You can't find a bigger proof of the strife within our auto industry than our motor-show scene. As you know, there are presently two major car shows in the country: the annual Manila International Auto Show (MIAS) and the biennial Philippine International Motor Show (PIMS). MIAS is the longer-running of the two, with PIMS having come into existence only after members of the Chamber of Automotive Manufacturers of the Philippines--led by Toyota, Mitsubishi and Honda, among others--quit the former to organize their own show.
And that's the motor-show setup we have now: The members of the Association of Vehicle Importers and Distributors (led by Hyundai) pour the bulk of their yearly car-show budget into MIAS, and the members of CAMPI focus on PIMS and just put a token presence in MIAS via their dealers.
In the early years of this setup, the dichotomy was very apparent. You'd see grand booths by AVID members and small, why-did-they-even-bother corners of CAMPI members at MIAS. Those days may be over. According to an industry source, non-AVID members are openly fighting for floor space at this year's MIAS, which is scheduled for April 4 to 7, still at World Trade Center in Pasay City. Because of the limited space at the main exhibit hall, Worldbex Services International, the MIAS organizer, is working triple-time to meet the requirements of its exhibitors.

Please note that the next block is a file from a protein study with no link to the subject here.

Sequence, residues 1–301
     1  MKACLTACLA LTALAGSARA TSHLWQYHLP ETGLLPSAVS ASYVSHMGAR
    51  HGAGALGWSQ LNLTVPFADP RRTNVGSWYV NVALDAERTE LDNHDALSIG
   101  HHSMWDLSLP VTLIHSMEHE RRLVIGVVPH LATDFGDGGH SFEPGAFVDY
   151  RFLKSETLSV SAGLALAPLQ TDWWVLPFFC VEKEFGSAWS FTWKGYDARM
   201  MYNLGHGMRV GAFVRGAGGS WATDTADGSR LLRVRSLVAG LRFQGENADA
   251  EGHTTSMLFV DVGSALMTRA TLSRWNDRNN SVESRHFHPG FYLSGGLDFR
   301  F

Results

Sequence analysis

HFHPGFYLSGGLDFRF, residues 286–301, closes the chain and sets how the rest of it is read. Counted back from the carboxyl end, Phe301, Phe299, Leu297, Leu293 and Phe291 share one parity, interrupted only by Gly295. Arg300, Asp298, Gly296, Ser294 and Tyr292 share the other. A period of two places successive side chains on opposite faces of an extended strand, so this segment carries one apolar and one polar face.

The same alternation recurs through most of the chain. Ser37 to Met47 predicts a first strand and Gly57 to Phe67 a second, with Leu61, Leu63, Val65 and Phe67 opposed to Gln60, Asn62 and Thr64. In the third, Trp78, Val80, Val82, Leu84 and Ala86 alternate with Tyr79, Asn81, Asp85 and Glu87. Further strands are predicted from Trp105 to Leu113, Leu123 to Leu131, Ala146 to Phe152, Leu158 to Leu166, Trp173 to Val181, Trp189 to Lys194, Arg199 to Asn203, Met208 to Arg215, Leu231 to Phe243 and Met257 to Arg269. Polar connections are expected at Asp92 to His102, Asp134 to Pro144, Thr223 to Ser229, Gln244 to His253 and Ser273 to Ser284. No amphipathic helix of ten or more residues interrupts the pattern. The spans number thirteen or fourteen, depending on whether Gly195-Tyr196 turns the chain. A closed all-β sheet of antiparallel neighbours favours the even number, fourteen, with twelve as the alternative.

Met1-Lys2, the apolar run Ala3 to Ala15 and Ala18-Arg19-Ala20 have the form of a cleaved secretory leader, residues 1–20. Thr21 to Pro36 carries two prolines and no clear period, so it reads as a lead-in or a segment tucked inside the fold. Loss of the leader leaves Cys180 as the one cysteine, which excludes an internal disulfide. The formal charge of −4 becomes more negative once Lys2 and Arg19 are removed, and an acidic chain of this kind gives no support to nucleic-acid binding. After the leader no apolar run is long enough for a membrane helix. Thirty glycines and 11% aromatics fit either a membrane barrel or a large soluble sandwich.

Due to the space constraints, Worldbex has asked some carmakers--mostly non-AVID members--to put up their booths at the tent section outside the main World Trade Center building. This has disappointed the said carmakers, who suspect that it's their AVID counterparts who are working to relegate them to a less prestigious area of the show. And they're having none of it, apparently even telling Worldbex that they will explore legal avenues to ensure they get prime space at the show, since they have long signed an agreement indicating their intent to join the show.
We asked Worldbex representative Alvin Uy, and he quashed the suggestion that the show organizer is yielding to the power play of AVID members.
"Many carmakers want to be at the main hall, but we're prioritizing brands that have been with us before--not just AVID brands," explained Uy.
So there. The main problem is the lack of floor space, not one industry faction pushing out the other. Unless an indoor venue bigger than World Trade Center is constructed any time soon, it looks like we won't see a unified car show that enjoys the equal financial and logistic support of all automakers.